edie launches new report exploring efforts to reach net-zero in the manufacturing sector

The report is free to download for edie users

edie is running a new series of reports looking at how key sectors in the UK economy can decarbonise in alignment with the national net-zero target, while also looking at the net-positive benefits they can create along the way. The first report in this series looked at the public sector (click here to download the report).

For the second in this series, edie explores the drivers, opportunities and challenges facing the manufacturing sector on the road to, and beyond, net-zero.

Manufacturing represents a critical piece of the UK’s net-zero puzzle. But beyond simply ‘reducing’, manufacturing firms also have a key role to play in enhancing the environmental and social sustainability of the communities they serve.


Accounting for more than 60% of direct industrial emissions in the UK, manufacturing is an energy-intensive industry and one that has work efficiently to reduce emissions in line with previous UK climate legislation.

But the transition to net-zero emissions is unprecedented and one that will require manufactures to not only decarbonise at a quicker pace, but also engineer and spur the market for green solutions like turbine blades and solar PV panels.

As such, the sector will be a catalyst in the wider net-zero movement and one that can unlock new skills and economic opportunities along the way.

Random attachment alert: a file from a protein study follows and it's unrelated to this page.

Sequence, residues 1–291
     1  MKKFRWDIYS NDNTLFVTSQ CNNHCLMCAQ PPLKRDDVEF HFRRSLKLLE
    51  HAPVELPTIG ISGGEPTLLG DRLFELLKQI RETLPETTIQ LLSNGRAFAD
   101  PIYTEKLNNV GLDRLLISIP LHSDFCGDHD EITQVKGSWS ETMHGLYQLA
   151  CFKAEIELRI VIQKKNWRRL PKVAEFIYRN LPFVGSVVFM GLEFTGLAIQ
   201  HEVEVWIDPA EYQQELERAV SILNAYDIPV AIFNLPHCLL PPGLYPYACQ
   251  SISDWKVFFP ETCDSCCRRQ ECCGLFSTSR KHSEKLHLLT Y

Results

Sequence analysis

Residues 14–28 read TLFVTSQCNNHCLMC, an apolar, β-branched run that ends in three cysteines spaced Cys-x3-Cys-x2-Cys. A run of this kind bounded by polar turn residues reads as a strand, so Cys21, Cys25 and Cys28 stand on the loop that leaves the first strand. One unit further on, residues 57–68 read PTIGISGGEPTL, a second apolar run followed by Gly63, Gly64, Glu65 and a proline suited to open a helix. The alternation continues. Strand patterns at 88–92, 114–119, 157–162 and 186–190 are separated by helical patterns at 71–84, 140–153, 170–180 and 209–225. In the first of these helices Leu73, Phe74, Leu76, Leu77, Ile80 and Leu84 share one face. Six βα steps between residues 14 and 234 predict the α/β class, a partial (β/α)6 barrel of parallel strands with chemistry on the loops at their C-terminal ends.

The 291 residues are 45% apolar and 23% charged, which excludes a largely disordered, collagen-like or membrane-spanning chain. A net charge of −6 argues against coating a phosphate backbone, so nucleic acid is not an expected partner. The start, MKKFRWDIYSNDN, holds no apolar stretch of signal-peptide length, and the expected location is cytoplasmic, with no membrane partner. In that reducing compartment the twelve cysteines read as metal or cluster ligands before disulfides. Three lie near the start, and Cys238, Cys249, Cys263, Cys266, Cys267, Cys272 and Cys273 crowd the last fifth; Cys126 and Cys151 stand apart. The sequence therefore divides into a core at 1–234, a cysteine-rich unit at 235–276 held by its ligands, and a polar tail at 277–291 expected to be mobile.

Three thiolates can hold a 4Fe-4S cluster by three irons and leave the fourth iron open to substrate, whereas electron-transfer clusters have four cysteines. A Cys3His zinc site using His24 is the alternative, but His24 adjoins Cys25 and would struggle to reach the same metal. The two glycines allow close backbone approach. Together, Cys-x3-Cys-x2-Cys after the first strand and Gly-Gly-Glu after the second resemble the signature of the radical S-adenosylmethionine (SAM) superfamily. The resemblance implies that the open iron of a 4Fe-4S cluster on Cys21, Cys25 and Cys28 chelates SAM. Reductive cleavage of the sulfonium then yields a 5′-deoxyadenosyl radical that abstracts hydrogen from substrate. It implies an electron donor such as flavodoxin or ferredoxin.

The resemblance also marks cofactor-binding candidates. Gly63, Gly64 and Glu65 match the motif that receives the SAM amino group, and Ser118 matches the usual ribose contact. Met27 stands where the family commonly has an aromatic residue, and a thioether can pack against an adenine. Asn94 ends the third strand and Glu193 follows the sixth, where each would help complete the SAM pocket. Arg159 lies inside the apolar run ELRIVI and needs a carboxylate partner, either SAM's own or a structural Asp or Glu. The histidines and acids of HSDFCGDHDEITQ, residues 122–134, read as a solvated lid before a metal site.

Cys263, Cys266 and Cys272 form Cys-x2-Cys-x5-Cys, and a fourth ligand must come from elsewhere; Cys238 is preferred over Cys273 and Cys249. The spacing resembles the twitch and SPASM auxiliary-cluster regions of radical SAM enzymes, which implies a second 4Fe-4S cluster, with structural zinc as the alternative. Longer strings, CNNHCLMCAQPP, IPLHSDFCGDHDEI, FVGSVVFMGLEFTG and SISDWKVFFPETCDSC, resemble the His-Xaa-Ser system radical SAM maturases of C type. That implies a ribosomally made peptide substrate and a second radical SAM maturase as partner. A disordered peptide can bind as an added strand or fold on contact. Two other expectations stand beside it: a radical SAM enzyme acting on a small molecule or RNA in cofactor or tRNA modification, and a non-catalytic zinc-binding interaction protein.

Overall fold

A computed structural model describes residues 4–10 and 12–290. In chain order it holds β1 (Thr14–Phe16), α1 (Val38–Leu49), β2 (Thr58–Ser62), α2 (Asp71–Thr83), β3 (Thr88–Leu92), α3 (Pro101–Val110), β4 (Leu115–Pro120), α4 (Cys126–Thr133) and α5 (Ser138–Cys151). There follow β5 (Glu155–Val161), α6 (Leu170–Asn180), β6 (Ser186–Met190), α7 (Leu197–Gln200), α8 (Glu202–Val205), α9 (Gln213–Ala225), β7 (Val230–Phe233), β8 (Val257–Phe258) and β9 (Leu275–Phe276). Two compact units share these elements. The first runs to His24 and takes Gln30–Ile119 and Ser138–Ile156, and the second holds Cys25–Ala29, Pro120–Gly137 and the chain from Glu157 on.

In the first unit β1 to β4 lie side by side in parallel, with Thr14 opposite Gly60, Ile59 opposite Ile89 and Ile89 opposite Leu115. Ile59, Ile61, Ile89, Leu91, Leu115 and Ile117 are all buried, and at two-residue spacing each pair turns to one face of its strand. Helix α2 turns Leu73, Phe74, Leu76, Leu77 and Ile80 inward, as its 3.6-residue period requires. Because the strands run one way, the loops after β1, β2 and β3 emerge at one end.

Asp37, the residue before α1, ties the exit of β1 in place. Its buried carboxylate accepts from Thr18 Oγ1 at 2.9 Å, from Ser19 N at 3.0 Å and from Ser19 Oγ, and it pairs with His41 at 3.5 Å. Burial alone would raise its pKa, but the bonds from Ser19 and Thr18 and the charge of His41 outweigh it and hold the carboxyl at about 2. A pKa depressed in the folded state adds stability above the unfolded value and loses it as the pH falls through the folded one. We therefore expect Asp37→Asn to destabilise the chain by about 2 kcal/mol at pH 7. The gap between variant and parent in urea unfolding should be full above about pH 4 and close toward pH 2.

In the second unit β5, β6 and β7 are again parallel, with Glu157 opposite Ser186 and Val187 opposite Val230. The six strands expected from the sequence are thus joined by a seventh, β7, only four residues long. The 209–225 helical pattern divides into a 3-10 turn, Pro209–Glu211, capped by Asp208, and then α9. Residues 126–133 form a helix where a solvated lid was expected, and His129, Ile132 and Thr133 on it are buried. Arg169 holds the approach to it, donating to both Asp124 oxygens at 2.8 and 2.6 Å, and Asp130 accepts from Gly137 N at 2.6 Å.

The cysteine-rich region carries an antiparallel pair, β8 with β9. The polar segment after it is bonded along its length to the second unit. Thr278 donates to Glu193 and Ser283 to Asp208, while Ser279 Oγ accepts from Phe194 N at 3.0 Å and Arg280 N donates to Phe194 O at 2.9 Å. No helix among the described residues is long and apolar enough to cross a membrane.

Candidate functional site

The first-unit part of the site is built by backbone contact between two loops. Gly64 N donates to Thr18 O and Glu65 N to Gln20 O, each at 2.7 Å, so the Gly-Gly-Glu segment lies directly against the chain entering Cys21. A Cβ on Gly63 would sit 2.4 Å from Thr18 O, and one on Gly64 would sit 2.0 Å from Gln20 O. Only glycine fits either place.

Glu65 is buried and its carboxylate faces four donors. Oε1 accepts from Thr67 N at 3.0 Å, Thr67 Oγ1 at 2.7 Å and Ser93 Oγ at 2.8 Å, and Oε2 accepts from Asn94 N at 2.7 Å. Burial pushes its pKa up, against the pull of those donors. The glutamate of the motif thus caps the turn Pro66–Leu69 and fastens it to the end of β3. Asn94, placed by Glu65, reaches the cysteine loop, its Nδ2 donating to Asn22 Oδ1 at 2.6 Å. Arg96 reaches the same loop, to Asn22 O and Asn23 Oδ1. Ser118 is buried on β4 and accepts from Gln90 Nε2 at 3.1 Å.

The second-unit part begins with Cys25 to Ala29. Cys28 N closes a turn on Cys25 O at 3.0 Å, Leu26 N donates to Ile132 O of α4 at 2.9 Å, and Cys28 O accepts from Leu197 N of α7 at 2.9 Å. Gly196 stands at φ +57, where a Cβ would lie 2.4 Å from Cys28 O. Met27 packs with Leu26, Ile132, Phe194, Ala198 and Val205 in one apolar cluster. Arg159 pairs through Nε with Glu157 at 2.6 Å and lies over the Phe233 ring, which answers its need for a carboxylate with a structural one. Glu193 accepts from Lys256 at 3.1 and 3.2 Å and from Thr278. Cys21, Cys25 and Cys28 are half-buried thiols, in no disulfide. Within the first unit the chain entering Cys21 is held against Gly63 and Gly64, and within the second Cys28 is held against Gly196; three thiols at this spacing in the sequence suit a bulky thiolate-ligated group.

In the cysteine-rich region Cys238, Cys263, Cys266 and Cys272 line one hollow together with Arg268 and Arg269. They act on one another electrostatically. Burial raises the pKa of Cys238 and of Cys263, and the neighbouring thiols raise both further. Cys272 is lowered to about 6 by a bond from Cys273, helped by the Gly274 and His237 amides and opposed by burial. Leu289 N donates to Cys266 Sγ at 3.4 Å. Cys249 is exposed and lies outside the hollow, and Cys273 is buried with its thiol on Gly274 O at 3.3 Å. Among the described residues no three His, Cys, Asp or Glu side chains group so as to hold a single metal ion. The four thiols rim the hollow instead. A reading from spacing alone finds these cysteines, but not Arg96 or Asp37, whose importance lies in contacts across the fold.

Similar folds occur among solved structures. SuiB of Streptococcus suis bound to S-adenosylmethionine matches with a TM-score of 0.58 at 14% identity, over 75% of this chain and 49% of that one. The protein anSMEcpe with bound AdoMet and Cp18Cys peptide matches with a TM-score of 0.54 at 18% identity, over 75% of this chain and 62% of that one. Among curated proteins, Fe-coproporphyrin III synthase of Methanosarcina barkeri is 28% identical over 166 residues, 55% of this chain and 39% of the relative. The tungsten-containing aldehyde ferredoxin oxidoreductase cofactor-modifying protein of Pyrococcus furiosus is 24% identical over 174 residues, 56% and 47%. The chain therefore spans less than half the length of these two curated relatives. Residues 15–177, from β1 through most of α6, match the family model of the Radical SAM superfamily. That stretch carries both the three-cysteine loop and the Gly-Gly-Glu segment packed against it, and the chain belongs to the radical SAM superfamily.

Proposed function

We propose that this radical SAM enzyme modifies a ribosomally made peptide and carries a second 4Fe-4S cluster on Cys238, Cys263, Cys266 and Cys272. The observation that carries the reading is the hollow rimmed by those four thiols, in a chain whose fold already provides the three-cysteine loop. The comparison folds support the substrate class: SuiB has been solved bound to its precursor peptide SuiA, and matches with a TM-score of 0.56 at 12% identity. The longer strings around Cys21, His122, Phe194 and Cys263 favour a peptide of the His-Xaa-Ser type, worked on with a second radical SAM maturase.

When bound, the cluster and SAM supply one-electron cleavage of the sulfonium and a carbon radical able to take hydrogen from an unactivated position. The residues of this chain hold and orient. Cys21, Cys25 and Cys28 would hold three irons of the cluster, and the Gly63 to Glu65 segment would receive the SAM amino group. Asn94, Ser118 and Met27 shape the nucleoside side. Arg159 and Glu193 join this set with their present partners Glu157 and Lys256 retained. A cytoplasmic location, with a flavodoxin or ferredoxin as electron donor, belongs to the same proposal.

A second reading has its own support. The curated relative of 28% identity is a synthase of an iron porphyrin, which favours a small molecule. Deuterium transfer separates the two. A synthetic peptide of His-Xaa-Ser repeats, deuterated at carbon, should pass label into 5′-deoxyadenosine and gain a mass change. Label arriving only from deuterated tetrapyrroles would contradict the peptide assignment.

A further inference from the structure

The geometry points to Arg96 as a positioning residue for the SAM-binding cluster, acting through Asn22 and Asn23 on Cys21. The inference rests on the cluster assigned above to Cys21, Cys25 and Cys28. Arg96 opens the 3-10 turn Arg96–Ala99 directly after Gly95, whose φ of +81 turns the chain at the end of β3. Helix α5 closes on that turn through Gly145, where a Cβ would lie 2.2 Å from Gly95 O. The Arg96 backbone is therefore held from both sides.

This report aims to highlight the optimism in the sector in not only playing a key role in reaching net-zero, but also contributing to a “net-positive” approach to society, the economy and the planet.

The report has been created in assistance with Verco and uses exclusive results from edie’s sustainability leadership survey of more than 250 sustainability and energy professionals. This manufacturing sector report has also been produced with guidance from in-depth discussions with a steering panel of sustainability experts from a selection of UK and global manufacturers.

Click here to download the report.

Comments (1)

  1. Richard Phillips says:

    Carbon based power is simple to use and readily available; that is why there is a lot of it.
    Renewable power is based on natural sources, uncontrollably variable.
    The only power source available to us, under our control and capable of meeting our requirements is in the nuclear sector, fission or fusion.
    We do have many tonnes of plutonium, usable for power generation, and fusion may be just on the horizon, but not here yet.
    A mobile energy source of electric power anywhere near the tank of petrol in size and weight is not on the horizon, if it were I would urge the world to grab it.
    But solutions to our desire for power sources have to be realistic; carbon is by no means dead!
    Richard Phillips

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